After our arrival in Port au Prince and some meetings there, we traveled throughout the South of Haiti (Signeau, Aquin, Les Cayes, Camp Perrin, Chantal, Jacmel, etc.) to meet with beekeepers who are involved with the program and also with farmers, association members, students, and others interested in learning more about involvement in the growing network of Haitian beekeepers. Through Farmer to Farmer and the efforts of Makouti Agro Enterprise, beekeepers in the North and increasingly in the South of Haiti are coming together to share experiences and solutions to their challenges. There is a wide spectrum of experience and types of hives – from log to Langstroth – and currently the beekeepers are experimenting with the use of a few Kenya Top Bar Hives, or Long Hives. Farmer to Farmer volunteers are actively working with the beekeepers to evaluate the effectiveness of their hives and improve management. [photo: inspecting hive for varroa mite]
After returning to Port au Prince, we flew to Cap Haitien where we inspected some more hives and also visited several rabbitries. Most rabbitries were community or family operations, some with more basic cages than others. Makouti’s “TechMaks” (technicians) have made much progress in working with the producers and following up on the volunteers’ recommendations, and you can see the pride on the faces of the farmers as they show you their rabbits. This project is growing rapidly thanks to our volunteers and Haitian counterparts.
On August 13-14, Cap Haitien put on its annual city fair, complete with a promotional stand for Makouti Agro Enterprise. Makouti exhibited honey from all over Haiti (plus New Jersey!) as well as live bees and honey comb, displayed in a specially-designed glass frame.The bees were a big attraction and a great educational tool. Makouti gave samples for people to taste and later served
BBQ rabbit. It was a hit! As usual, demand for the products was greater than production, so Farmer to Farmer has more work to do to help increase production. But we were pleased to see the progress in production and marketing made by the groups with whom we work. [photo: visiting community rabbitry in North]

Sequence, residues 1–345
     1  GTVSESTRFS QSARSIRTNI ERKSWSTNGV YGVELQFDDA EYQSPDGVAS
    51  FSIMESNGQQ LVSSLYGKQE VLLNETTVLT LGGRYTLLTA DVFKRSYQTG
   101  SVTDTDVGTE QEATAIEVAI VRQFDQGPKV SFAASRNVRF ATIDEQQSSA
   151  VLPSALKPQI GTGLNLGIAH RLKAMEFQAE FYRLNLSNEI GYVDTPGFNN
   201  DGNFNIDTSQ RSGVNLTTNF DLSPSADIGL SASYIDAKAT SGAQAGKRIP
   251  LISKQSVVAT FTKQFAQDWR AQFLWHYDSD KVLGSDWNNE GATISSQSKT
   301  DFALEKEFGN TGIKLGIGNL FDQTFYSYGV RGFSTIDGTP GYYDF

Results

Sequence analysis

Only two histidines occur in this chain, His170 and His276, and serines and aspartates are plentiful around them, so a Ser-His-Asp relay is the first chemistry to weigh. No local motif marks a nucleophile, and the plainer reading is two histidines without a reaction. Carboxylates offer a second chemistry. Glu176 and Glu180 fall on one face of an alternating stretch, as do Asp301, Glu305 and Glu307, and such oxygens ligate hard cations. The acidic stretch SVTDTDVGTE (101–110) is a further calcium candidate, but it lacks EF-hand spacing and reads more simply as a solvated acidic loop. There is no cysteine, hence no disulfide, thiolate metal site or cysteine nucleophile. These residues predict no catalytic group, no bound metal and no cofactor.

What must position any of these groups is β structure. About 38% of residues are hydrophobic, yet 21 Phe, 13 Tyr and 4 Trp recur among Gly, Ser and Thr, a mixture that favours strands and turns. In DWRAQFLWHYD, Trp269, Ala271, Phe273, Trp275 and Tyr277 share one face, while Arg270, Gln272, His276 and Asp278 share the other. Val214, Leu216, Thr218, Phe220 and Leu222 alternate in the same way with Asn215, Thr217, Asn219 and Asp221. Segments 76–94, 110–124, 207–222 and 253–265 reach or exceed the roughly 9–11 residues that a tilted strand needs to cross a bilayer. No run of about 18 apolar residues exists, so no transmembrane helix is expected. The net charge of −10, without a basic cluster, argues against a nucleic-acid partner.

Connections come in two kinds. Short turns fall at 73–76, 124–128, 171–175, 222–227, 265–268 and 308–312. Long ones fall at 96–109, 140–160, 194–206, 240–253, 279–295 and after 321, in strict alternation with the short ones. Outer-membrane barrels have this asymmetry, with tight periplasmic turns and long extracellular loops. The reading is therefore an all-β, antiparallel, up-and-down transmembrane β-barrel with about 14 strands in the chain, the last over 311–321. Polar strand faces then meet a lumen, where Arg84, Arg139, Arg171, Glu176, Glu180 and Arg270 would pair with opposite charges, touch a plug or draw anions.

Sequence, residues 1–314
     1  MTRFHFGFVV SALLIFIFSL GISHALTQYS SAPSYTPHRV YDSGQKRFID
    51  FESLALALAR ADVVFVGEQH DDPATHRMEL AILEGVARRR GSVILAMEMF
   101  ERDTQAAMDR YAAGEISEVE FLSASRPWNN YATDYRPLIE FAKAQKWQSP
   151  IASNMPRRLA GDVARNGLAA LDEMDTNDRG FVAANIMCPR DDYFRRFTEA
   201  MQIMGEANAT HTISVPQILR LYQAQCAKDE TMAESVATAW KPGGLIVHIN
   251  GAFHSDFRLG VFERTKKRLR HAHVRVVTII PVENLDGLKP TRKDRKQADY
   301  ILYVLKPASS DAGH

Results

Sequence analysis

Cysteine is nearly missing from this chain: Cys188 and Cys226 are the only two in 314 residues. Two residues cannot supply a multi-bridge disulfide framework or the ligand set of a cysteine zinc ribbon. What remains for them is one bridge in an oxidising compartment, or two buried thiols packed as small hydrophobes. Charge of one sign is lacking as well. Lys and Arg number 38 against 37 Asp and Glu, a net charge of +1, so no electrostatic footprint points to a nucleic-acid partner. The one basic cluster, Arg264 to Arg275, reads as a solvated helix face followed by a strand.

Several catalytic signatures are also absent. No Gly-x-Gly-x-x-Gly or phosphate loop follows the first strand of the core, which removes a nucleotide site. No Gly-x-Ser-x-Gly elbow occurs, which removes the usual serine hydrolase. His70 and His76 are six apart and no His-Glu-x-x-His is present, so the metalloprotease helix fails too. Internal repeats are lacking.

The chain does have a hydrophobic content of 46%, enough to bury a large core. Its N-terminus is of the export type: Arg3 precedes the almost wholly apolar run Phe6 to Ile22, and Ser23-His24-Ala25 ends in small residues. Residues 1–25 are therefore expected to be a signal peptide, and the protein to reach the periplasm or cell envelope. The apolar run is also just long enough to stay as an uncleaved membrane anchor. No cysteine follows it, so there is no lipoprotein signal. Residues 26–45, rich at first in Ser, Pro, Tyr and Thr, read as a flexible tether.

In this video, Benito Jasmin (in voice) and Gerard Michel Joseph (FTF Field Staff) instruct local beekeepers on inspecting the Kenya Top Bar Hive.

Wednesday, August 12, 2009

Welcome to the Farmer to Farmer Blog

Partners of the America's Farmer to Farmer Program improves economic opportunities in rural areas of Latin America and the Caribbean by increasing food production and distribution and promoting better farm and marketing operations. The program focuses on select agricultural commodity chains and US volunteer experts provide specific technical assistance to small and medium-scale producers, agro-processors and others working at all levels of these chains. The Farmer to Farmer Program blends two goals: providing people-to-people level exchanges and promoting sustainable economic growth and development. This Farmer to Farmer Blog will connect our expert volunteers and provide a space to communicate experiences. Volunteers can post pictures, comments, reports and stories that they want to share with farmers and volunteers everywhere.